Runaway inflation in the United States in May sent the New York Stock Exchange sharply down on Friday, where indexes posted their worst week since January.
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After the final close, the Dow Jones Star stock index fell 2.73% to 31,392.79 points. The tech-heavy Nasdaq fell 3.52% to 11,340.02 points.
The S&P 500, which is more representative of the US market, lost 2.91% to 3,900.86 points.
Investors struggled to digest the truly disappointing US indicators, most notably the CPI inflation index, which rose 1% in May while analysts were expecting +0.7%.
Over 12 months, consumer price inflation rose to 8.6%, up from 8.3% in April, far from the “plateau” hoped for by politicians and analysts.
This is the highest price increase since 1981.
Not only have stocks fallen, the dollar has risen sharply and bond yields have risen.
US Treasury short and long term bond yields were neck and neck.
Yields on 2-year Treasury bills rose to their highest level since late 2007 at 3.06%. Similarly, yields on 10-year notes approached their 2018 peak at 3.15%.
“The CPI index is much stronger than expected, the market was hoping for a plateau, but it seems that the pressure on prices is spreading,” noted Shaun Osborne, an analyst at Scotiabank.
“High inflation, a Fed that will raise interest rates more and an increased risk of the economy slowing down, that’s what’s happening,” summarized Karl Haeling from LBBW.
The Federal Reserve Board of Monetary Affairs meets next week and markets are already anticipating a 50 basis point hike in interest rates after a similar hike last month.
But as the stock has risen, more analysts are wondering if the central bank is tightening the screw by triggering a 75-point interest rate hike, an exceedingly rare move by the Fed in recent history.
“Markets are starting to price in the risk of a 75 basis point rate hike next week, but I’m not sure because that would seem like a little panic,” Osborne said.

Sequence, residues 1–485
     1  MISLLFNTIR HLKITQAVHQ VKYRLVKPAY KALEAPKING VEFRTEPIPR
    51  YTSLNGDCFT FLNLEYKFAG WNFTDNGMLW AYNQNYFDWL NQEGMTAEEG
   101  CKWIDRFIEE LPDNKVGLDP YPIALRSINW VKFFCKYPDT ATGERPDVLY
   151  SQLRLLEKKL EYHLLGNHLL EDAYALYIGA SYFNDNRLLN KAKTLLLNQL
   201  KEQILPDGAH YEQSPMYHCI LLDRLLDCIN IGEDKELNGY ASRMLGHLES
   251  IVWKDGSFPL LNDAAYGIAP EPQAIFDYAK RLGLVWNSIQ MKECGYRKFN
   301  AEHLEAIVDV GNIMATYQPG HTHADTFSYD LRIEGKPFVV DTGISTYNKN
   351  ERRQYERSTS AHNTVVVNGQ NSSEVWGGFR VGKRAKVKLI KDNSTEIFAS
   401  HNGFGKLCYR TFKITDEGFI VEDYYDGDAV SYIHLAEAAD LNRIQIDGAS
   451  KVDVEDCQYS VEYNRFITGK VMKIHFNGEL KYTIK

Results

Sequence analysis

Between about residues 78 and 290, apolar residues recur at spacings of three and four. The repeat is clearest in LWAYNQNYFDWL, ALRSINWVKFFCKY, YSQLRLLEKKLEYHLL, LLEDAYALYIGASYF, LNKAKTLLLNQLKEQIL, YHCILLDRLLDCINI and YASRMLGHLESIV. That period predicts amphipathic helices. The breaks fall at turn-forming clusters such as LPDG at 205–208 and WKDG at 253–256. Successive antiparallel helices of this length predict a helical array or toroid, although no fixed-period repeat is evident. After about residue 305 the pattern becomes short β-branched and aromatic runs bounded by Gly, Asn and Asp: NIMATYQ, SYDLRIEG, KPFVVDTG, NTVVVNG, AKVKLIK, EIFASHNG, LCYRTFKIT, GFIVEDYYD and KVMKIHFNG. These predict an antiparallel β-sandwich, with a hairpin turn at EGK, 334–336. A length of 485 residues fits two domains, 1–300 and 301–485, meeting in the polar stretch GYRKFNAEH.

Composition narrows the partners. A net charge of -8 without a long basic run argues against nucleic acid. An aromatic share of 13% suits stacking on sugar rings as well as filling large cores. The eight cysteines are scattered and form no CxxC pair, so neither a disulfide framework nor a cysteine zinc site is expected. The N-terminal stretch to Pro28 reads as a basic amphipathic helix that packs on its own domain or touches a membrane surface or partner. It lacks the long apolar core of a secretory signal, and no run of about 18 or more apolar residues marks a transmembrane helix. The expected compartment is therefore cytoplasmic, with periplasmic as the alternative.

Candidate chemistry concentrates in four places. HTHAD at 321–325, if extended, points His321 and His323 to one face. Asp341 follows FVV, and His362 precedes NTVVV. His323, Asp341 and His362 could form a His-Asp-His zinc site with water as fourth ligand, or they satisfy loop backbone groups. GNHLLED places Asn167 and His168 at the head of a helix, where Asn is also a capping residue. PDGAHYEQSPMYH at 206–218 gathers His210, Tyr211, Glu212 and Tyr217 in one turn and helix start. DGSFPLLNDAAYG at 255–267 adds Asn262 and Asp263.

While the US President hammered out calls for “more and faster” action to be taken against inflation, Fed Chair Jerome Powell promises to be under great pressure when he addresses the press after Wednesday’s meeting of the Monetary Affairs Committee (FOMC) .
Concerns about this continued price hike definitely weighed on consumer confidence, which plummeted in June. The University of Michigan’s fiscal sentiment index hit an all-time low, falling 14% from May to 50.2 points, a decline that surprised analysts.
All S&P sectors ended negatively, notably non-essential spending (-4.16%), information technology (-3.89%) and banks (-3.65%).
Netflix fell 5.10% to $182.94 after an unfavorable opinion from analysts at Goldman Sachs, which also downgraded gaming platform Roblox (-8.98%) and Ebay (-5.16%).
The rush affected all the big names in tech, from Alphabet (-3.04% to $2,228.55), Google’s parent, to Amazon (-5.60% to $109.65) and Meta, the parent company from Facebook (-4.58%). .
Travel sites and cruise lines drank the cup as fuel prices soared, with Booking down 7.59%, Expedia down 5.60% and Royal Caribbean Cruise down 7.33%.
Digital document delivery start-up Docusign, which has suffered since the end of lockdown, slumped again sharply by almost 25% on Friday after announcing poor results.
Tesla, which ended down 3.12% at $696.69, announced it would split its action by three after the close. Amazon had divided its own by 20 on Monday.